• QA/QC processes need be required to ensure that the selected processes and work result in high confidence results.
  • Very high confidence results have value. See Table above.
  • Low quality results have little or no value and may lead to an over confidence.
  • Low confidence processes, work, tools and procedures can leave a false impression that inspected areas are cross bore free and require rework later.
  • GPS combined with resulting GIS mapping systems allow for accountability and a level of verification of work performed that should be strongly considered.

Multiplying the Results for Best Bang for the Buck

  • Store data in a manner that it is secure and readily retrievable.
    • Cross bore elimination  projects have lost data or was not verifiable that required costly re-inspections.
  • GIS systems allow easy sharing of the information
    • Property owners and professional drain cleaners that have access to readily processes that do not have repeatable and verifiable results should not be selected. accessible data/mapping can help reduce risk from explosions.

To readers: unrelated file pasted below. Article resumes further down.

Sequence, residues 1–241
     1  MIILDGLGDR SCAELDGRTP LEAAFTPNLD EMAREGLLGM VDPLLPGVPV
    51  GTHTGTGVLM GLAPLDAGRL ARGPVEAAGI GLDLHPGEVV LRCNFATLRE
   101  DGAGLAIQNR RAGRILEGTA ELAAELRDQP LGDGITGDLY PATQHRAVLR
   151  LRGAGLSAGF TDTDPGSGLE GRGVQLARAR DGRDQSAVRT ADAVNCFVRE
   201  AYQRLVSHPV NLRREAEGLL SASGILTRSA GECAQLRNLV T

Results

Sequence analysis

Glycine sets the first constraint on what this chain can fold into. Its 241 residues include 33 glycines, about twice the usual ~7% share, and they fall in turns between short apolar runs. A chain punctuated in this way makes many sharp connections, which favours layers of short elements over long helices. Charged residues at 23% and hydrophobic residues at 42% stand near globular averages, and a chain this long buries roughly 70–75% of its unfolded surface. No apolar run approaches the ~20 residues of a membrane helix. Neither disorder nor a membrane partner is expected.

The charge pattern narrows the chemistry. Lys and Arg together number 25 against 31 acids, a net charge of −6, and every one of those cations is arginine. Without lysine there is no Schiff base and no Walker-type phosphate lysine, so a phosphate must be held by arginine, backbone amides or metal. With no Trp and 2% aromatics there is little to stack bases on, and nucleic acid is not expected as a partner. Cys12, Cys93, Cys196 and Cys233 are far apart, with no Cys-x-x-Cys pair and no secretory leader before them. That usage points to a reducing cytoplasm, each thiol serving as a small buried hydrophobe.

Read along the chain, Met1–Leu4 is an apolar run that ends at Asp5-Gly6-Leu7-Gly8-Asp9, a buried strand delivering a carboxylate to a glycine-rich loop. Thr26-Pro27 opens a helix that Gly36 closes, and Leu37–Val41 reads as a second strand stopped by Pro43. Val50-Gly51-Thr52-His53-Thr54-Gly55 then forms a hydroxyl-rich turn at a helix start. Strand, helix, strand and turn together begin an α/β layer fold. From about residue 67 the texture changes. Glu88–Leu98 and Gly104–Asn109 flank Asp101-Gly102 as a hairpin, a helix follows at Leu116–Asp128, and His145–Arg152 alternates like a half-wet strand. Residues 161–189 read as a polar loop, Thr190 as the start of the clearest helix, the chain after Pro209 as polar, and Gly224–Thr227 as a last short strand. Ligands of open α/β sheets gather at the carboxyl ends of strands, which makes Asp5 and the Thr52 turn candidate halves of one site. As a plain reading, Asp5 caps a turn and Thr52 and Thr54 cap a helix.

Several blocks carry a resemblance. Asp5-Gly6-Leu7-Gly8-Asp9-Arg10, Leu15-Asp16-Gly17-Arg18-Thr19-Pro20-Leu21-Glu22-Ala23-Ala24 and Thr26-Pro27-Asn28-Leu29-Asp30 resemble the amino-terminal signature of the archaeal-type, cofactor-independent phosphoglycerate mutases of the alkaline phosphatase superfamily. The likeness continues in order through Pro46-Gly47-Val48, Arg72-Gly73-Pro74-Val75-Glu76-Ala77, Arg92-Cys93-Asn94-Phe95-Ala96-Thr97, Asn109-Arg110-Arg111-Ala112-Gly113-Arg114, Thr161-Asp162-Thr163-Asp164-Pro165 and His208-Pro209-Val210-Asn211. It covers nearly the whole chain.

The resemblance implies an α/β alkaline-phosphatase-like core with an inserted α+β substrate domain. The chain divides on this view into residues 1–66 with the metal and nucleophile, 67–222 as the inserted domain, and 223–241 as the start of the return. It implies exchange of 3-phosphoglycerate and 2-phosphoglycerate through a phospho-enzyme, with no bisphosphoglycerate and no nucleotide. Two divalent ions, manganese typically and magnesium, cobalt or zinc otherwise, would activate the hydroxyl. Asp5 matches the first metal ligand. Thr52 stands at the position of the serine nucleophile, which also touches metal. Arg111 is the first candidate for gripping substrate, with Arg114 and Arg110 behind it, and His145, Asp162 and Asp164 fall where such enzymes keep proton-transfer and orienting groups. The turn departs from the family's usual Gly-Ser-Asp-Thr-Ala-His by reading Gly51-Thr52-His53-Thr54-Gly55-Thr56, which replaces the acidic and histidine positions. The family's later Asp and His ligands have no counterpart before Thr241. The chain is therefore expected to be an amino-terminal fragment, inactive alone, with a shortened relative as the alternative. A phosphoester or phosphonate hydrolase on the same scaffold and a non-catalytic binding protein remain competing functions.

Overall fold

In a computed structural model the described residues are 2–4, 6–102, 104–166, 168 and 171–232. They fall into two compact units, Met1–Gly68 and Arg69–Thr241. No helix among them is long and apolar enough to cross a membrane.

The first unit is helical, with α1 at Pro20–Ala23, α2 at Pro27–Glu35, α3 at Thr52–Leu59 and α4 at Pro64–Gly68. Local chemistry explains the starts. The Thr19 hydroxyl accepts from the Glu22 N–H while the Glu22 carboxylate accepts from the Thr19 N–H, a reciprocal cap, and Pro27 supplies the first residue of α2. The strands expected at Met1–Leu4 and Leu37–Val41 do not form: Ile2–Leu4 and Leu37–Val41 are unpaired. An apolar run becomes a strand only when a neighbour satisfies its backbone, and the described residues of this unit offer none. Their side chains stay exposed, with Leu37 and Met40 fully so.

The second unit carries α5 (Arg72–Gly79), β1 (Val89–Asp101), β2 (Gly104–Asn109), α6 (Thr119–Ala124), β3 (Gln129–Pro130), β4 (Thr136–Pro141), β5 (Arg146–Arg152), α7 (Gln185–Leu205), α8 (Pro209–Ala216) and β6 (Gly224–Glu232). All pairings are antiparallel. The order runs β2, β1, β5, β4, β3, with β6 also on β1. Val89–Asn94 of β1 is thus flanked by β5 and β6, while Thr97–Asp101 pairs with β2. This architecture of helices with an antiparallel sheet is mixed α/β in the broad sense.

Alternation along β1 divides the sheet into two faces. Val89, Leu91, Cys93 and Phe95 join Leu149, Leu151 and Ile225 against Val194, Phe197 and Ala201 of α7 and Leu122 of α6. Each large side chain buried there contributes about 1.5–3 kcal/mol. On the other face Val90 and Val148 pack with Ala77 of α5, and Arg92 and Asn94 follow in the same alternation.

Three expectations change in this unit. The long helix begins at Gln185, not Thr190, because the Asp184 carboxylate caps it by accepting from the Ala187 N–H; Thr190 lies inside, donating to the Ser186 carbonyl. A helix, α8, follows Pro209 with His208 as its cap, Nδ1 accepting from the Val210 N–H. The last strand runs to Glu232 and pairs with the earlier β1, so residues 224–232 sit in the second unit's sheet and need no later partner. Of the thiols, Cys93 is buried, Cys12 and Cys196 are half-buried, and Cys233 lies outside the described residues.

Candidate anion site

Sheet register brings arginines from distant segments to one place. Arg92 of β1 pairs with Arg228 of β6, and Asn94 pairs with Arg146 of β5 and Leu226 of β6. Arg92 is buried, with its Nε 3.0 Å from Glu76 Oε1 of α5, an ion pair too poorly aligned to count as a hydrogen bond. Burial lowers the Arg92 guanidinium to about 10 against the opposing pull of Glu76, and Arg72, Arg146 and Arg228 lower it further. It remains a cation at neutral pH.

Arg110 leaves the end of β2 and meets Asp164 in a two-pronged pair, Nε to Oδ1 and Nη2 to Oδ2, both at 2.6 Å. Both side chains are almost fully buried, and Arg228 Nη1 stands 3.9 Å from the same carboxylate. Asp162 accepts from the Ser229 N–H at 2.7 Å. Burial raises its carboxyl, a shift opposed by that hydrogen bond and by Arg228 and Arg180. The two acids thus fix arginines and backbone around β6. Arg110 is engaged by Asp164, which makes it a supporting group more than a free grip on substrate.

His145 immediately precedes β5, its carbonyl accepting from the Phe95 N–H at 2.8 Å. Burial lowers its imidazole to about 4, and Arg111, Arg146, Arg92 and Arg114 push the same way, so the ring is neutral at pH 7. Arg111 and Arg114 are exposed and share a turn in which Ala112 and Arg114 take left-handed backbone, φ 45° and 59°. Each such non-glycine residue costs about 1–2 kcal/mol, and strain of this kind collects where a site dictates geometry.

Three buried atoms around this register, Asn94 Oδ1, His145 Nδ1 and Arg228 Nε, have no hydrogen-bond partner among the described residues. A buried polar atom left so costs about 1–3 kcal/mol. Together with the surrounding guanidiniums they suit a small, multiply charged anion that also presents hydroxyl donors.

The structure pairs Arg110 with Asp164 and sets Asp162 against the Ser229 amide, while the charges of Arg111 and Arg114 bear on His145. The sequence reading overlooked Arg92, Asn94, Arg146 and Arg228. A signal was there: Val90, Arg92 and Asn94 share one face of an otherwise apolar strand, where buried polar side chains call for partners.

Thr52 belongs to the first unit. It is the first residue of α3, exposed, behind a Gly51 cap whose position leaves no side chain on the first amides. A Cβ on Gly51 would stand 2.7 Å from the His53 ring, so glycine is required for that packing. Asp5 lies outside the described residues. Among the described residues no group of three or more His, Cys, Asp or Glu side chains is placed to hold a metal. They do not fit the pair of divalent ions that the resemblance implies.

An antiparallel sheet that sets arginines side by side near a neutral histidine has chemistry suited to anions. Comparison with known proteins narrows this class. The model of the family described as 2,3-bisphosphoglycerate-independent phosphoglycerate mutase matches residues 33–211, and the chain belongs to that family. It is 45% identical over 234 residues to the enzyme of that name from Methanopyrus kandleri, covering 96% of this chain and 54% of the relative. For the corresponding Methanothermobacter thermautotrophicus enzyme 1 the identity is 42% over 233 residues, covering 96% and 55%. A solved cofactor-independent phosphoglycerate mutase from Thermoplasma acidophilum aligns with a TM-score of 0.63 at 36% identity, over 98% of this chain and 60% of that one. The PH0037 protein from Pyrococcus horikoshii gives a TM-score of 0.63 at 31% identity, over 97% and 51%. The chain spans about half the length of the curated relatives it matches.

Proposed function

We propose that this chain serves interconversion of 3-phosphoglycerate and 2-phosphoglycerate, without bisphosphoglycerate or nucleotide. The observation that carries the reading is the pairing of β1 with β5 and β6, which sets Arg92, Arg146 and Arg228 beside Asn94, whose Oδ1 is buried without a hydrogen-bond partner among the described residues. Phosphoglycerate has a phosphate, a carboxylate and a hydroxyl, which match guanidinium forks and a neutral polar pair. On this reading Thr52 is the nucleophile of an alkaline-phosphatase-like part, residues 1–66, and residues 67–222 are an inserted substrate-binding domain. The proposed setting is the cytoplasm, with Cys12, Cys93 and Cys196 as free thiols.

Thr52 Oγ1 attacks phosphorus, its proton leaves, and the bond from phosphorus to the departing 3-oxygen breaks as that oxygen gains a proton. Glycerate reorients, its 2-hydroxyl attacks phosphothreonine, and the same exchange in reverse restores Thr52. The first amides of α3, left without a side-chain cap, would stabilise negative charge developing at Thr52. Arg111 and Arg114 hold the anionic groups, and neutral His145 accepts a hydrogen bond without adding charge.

• Drain cleaning tools can be selected to reduce risk in areas that are " Not Cleared".
    • Drain cleaning in areas shown "Not Cleared" may request assistance from the gas distribution company.
  • Utilities should select process suited for the area of service. One method may not be the most effective for all circumstances.
  • Good records and accessibility  are essential.
  • Plan projects over realistic time to balance safety, availability of quality workmen, process development, QA/QC systems, GIS integration and economics.
  •  Rapid gear up may result in poor work, deterioration of confidence and resulting inefficient program
  • Share Successes - Communicating Best Practices. Share within the industry your effective processes.